We compare multiple models in both array configurations. For single-channel models, we use the first stage in the original FaSNet as a modification to the time-domain audio separation network [14], where the separation is done by estimating filters for each context frame in the mixture instead of masking matrices on a generated front-end. We refer to this model as TasNet-filter. For adding NCC features to the models, we apply three strategies: (1) no NCC feature (pure single-channel processing), (2) concatenate the mean-pooled NCC features (i.e. first stage in FaSNet), and (3) concatenate all NCC features according to microphone indexes (similar to [4], only applicable in fixed geometry array). For multi-channel models, we use the four variants of FaSNet introduced in Section 2.2.2. We use DPRNN blocks [13] as shown in Figure 1 in all models, as it has shown that DPRNN was able to outperform the previously proposed temporal convolutional network (TCN) with a significantly smaller model size [13]. All models are trained to maximize scale-invariant SNR (SI-SNR) [10] with utterance-level permutation invariant training (uPIT) [9]. The training target is always the reverberant clean speech signals. We report SI-SNR improvement (SI-SNRi) as the separation performance metric.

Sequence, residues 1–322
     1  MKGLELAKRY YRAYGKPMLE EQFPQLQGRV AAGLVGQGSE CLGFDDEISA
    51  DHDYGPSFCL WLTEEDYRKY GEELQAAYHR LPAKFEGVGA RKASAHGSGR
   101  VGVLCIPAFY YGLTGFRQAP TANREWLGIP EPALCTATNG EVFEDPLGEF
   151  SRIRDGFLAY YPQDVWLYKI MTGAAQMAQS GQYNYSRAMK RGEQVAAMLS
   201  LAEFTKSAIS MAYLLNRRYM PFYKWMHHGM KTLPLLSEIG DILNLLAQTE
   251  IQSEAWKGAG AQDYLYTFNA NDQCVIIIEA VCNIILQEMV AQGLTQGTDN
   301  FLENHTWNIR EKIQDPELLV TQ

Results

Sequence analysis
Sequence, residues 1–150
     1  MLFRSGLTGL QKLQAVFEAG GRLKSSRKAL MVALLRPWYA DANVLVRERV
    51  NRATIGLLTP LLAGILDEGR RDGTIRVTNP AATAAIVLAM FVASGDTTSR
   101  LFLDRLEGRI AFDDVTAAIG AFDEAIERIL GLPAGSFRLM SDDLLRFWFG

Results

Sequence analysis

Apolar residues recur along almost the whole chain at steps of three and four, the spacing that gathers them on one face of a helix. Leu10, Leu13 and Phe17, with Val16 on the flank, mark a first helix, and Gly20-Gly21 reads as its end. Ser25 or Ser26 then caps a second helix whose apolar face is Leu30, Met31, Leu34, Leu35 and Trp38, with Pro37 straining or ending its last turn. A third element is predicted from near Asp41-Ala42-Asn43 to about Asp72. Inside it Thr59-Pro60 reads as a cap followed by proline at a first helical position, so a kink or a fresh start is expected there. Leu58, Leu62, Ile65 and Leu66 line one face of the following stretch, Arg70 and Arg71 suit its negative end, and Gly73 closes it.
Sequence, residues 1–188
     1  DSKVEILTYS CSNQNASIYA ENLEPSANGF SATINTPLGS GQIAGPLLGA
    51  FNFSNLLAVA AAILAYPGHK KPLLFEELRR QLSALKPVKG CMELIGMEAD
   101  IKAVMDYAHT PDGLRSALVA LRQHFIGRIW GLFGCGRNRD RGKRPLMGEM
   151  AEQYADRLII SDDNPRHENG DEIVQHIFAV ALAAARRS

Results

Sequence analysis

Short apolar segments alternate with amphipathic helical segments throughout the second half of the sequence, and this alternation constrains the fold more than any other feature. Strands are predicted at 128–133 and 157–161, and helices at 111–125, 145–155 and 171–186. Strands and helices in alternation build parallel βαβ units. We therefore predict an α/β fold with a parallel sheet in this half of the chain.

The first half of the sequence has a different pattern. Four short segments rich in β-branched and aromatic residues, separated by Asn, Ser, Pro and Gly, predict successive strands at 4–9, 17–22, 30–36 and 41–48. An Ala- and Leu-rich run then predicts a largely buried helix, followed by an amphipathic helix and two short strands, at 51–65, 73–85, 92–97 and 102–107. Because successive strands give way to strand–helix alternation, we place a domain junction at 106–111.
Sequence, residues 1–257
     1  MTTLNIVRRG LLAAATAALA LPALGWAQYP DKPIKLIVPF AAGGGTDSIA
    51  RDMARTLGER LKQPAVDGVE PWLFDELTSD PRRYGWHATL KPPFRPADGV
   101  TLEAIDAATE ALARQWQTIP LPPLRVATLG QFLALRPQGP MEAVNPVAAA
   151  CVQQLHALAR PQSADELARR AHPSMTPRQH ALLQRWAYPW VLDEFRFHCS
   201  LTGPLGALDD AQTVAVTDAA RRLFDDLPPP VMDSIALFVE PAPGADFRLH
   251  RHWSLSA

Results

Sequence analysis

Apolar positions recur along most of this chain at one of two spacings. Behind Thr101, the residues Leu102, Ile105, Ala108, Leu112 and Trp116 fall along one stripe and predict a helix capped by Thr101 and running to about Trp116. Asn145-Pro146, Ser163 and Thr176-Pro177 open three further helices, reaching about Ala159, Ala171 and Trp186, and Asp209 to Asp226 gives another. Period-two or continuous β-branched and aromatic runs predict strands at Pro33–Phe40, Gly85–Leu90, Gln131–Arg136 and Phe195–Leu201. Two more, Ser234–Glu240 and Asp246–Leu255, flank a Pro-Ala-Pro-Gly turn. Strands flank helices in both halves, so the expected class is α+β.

The context window size is always set to 16 ms (i.e. 256 at 16k Hz sample rate) and by default we set . We also investigate smaller while keeping at 16 ms, which allows us to investigate the effect of with dimension of both beamforming filters and the NCC features unchanged (both ). The details about the dataset generation as well as model configurations is available online111https://github.com/yluo42/TAC.

4 Results and discussions

Table 1 shows the experiment results on the ad-hoc array configuration. We only report the results on 2, 4 and 6 microphones due to the space limit. For the TasNet-based models, minor performance improvement can be achieved with the averaged NCC features, however increasing the number of microphones does not necessarily improves the performance. For the two-stage FaSNet models, the performance is even worse than TasNet with NCC feature even with TAC applied at the second stage. As TasNet with averaged NCC feature is equivalent to the first stage in FaSNet, this observation indicates that the two-stage design cannot perform reliable beamforming at the second stage. On the other hand, single-stage FaSNet without TAC already outperforms both TasNet and two-stage FaSNet models, and adding TAC results in the best performance for all microphone numbers. This shows that the pre-separation stage is unnecessary in this framework, and TAC is able to estimate filters by fully using all available information. Moreover, single-stage FaSNet with TAC is the only model achieving better performance with more microphones, proving the importance of TAC in this configuration.